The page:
Being that you guys are a mix of a lot of things – not just culturally, what were your earliest influences for you artistically?

Sporting Life: For me, growing up in hip hop culture you don’t realize it is artistic because you’re just in it. You argue about it, Nas is better than this person, Jay is better than this person, no this beat that beat. You don’t realize it is an artistic endeavor but coming to New York, you start getting exposed to all the artists that have walked these streets, you start going to events and putting your foot in the water into what art culture is now. You reflect back on the stuff you do know and start to see the art in it. Once you start to see the art that’s in hip hop its a wrap! It just opens your eyes because it’s just electronic music, you know. You don’t realize that coming up you think this is just rap but it can be broken down further from that. I think that was the most eye opening thing for me.

Wiki: Going through different phases growing up, getting into different things in different times whether it was punk or hip hop or whatever it was. It exposed me to different ideas and then connecting them as I grew and being around a lot of ill culture in the city influenced me.

The first time I saw Ratking live was last summer on the rooftop of a 10 story Lower East Side building. There was no ceiling but it was a hot box, packed with people of all different creeds. It felt like 2012 because hip hop was once again infused with cultures outside its boundaries, but something in the air took me back, the DJ was playing Dipset so I guess I had no choice. A friend of mine reminded me of this kid who was nasty, Wiki he called him. Unfamiliar with who he was I kept waiting for him to finish saying his name, “Wiki what?” I said. A couple of acts opened the show before the owner of the apartment asked me if I knew Ratking and he gave me his whole life story about him being some art student from Spain, then he handed me a bottle of ripe but refreshing wine. Here I stood, sipping from a bottle of wine at an art student’s rooftop deck about to hear what my friend said was straight New York hip hop, I can’t make this up.

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The New York Underground is so vast yet it goes unexplored or overlooked. What’s your view on the landscape and what is going right now?

Sporting Life: Being that it’s so easy to do these things now, you have to add a degree of difficulty to the shit you’re doing. It’s just like anything else, if everybody’s doing kick flips you have to do something else. You can’t carry the attitude of somebody who does switch tres if you’re only doing ollies. I feel like there is a bunch of people doing ollies but they’re walking around like they’re doing switch tres. But it’s all good because nobody’s set it off yet, once somebody sets it off people will be like “oh s***.”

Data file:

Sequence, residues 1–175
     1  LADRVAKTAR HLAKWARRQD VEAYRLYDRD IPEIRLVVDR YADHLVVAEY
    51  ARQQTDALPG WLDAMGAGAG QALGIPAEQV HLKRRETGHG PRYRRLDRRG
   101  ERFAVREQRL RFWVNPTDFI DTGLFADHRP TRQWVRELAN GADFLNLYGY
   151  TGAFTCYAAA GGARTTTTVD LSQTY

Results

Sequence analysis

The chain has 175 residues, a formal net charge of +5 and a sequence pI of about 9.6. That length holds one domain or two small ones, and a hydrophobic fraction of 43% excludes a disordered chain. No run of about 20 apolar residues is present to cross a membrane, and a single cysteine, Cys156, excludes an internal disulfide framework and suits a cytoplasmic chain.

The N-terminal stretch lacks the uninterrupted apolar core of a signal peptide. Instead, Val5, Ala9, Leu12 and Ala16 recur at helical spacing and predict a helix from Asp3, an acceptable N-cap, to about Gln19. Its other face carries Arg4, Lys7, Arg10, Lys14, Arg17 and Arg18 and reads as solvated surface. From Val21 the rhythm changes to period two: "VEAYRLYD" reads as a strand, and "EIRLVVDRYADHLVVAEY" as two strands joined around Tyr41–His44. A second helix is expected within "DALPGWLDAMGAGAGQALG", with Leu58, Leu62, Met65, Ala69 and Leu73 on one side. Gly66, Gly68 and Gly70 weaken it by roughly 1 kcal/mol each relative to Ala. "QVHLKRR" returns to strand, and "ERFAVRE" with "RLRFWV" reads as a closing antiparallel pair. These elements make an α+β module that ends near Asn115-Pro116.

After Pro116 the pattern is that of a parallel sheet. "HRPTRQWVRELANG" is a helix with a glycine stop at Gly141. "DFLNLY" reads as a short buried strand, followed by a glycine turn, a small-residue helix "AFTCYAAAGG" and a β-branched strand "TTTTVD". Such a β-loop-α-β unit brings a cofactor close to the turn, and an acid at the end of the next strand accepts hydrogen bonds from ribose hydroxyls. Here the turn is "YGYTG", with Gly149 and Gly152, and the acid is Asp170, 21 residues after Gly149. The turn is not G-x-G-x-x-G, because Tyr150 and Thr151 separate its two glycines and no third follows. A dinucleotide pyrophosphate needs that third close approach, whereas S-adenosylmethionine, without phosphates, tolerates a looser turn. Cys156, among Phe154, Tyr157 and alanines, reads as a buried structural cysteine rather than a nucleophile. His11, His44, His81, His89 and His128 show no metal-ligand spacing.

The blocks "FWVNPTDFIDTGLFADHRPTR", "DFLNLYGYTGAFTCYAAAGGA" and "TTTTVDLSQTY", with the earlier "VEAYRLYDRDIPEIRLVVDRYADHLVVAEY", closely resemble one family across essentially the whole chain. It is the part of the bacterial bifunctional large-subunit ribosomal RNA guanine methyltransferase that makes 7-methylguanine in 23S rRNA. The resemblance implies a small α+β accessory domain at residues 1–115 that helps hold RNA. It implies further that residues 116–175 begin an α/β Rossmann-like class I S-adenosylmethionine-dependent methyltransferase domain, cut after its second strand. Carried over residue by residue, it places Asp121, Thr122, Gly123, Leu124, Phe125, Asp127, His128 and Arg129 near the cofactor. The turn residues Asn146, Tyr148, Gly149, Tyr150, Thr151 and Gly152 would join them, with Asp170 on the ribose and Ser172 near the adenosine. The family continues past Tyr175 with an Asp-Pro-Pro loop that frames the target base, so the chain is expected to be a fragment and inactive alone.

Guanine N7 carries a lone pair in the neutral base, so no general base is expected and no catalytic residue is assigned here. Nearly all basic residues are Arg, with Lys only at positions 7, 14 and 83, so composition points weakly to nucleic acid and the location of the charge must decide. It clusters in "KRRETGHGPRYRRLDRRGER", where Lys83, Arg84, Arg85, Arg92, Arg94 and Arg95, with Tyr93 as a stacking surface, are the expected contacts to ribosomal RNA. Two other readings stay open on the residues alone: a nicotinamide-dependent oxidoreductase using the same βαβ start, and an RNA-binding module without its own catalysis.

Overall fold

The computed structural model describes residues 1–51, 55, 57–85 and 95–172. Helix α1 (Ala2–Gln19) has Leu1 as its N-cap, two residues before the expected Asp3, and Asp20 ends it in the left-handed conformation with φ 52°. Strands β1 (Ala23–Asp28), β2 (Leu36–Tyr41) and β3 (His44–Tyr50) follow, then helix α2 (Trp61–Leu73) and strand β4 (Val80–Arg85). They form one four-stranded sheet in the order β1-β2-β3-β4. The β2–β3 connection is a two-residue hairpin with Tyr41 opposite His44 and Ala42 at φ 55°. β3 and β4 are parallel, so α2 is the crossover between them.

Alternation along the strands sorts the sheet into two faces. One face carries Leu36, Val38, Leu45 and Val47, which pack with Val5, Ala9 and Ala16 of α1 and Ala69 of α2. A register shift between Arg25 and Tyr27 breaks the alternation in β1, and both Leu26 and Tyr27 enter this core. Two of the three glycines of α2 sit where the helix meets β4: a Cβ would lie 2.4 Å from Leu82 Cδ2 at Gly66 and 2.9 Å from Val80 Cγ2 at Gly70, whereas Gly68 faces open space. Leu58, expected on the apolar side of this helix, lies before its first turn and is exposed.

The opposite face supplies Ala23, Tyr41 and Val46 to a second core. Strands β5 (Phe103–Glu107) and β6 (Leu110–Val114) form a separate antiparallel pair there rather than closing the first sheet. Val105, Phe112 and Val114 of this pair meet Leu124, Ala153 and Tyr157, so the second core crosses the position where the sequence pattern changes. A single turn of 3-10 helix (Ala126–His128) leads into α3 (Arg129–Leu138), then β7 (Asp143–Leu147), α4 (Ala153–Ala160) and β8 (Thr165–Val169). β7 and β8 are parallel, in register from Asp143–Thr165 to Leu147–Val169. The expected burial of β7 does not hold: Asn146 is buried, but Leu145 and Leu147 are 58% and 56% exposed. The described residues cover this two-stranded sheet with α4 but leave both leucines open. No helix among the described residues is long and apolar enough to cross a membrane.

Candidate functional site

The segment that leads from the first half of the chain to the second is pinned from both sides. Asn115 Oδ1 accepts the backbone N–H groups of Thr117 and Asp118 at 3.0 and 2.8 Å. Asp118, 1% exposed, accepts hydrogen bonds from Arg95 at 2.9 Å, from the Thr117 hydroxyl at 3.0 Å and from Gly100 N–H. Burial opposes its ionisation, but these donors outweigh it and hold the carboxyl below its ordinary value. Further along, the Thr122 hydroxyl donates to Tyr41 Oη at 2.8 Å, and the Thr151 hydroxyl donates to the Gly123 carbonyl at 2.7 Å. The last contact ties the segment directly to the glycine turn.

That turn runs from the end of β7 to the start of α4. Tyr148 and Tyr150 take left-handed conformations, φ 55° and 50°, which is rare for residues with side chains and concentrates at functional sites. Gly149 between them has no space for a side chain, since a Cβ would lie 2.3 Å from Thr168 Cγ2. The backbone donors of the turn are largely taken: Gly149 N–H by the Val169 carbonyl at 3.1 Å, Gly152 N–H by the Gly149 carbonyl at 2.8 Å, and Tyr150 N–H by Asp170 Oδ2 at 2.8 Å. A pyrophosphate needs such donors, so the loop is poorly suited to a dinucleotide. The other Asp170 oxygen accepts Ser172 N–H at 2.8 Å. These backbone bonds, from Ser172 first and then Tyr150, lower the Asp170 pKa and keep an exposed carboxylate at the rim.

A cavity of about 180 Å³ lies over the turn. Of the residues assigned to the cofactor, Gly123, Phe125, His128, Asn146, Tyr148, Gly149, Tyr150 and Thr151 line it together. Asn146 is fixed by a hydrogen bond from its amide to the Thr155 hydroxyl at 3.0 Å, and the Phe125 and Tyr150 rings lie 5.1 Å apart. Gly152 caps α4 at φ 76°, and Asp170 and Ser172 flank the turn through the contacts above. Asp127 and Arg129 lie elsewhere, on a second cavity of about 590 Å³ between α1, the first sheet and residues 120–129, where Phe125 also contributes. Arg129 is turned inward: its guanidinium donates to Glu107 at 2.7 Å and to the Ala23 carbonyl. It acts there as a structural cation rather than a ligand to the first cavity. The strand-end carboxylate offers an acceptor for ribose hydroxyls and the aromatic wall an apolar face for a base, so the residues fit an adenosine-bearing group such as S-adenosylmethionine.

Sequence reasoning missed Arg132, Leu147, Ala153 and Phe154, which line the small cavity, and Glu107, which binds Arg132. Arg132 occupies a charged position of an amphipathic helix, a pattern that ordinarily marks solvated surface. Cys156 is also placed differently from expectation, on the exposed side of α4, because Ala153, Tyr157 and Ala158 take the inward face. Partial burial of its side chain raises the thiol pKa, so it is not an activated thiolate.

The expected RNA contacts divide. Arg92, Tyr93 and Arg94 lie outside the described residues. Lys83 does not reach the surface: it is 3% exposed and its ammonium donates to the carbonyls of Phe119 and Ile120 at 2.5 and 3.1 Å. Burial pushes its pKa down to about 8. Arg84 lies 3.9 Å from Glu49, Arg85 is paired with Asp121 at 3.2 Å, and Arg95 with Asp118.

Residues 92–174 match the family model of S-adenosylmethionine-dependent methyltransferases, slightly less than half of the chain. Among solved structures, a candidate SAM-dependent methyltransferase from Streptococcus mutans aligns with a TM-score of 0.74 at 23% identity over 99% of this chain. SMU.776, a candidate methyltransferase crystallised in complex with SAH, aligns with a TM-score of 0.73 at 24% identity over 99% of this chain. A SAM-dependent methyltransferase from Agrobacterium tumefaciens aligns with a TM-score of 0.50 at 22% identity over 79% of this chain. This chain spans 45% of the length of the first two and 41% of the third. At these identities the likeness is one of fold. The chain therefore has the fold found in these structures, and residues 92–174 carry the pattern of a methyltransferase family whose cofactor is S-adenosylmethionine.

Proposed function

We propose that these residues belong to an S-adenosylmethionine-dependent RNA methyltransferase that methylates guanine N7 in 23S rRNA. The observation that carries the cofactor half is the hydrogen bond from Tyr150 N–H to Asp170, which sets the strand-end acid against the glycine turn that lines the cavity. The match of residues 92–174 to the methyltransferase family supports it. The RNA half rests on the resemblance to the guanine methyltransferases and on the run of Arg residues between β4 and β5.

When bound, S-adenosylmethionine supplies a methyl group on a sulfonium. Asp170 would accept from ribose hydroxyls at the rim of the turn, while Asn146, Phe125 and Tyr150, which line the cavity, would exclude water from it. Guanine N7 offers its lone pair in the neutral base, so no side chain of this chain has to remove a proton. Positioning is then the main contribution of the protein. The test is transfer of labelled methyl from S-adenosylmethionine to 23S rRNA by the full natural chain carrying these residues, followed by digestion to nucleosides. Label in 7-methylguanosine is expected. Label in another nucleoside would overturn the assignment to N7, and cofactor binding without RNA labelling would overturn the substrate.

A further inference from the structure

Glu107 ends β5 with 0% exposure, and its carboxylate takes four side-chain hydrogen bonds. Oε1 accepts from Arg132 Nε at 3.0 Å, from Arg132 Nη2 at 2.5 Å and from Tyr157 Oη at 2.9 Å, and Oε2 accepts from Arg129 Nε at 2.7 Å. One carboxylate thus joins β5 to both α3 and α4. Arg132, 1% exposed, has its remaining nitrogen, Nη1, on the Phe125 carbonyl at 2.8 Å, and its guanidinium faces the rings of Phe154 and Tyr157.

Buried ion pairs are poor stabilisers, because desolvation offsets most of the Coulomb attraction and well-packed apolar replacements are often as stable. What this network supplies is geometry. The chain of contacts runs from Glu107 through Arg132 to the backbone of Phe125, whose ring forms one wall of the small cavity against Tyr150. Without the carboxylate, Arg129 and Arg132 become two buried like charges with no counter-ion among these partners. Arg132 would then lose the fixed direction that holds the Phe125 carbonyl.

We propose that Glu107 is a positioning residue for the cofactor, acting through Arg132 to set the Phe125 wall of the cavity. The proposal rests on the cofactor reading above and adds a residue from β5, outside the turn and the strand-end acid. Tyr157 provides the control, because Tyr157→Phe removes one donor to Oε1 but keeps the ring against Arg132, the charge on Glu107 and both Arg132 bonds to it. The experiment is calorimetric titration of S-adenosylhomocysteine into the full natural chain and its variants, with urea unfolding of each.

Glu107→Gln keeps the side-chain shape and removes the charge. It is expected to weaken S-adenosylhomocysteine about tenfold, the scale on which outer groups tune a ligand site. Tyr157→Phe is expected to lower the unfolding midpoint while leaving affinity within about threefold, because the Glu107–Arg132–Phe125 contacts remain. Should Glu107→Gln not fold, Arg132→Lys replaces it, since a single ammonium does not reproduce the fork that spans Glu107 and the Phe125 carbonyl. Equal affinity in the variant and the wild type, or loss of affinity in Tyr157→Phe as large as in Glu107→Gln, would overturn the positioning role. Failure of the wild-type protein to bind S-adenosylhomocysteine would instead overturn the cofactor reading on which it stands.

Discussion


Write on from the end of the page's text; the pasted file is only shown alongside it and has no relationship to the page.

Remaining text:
Collectively, they are well versed in skateboarding and graffiti. Their aesthetic is concrete and embodies the culture that nurtured them as they were growing up. During CMJ last year, Hak handed me their 8×11.5 stickers with “Ratking, Wiki 93” written on a blown up postage sticker. When I asked him if he bombed Hak just simply shrugged his shoulders as if to say: “well you see what I just handed you.” Graffiti and their style of music mirror each other. You find yourself deciphering what you hear visually, similar to someone unfamiliar with the art form trying to make out the artists’ name or message. When the pieces are put together it all makes perfect sense.

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Wiki: I think it’s important to stay out there and be part of it to a certain extent, but then you also have to stay in the music and stay focused on making the music as dope as possible. A lot of people are so focused on image and the outward things, but you need to master the music first.

Sporting Life: With artists – especially rap artists, I feel like a good part of rap is really topical. It’s really easy in 2013 in the internet age and how the internet is a visual medium so everybody is going to be flicking pictures, to get caught up in that. There is a lot of would-be dope rappers that a third of the way into them being dope get pulled into the internet and it’s all image based, you’re not going to get nice. Imagine if when Alchemist had first started making beats and everybody was just like “put this out, put this out” like, you need that woodshedding time. Everybody has to find the balance in that and that’s what we try to do.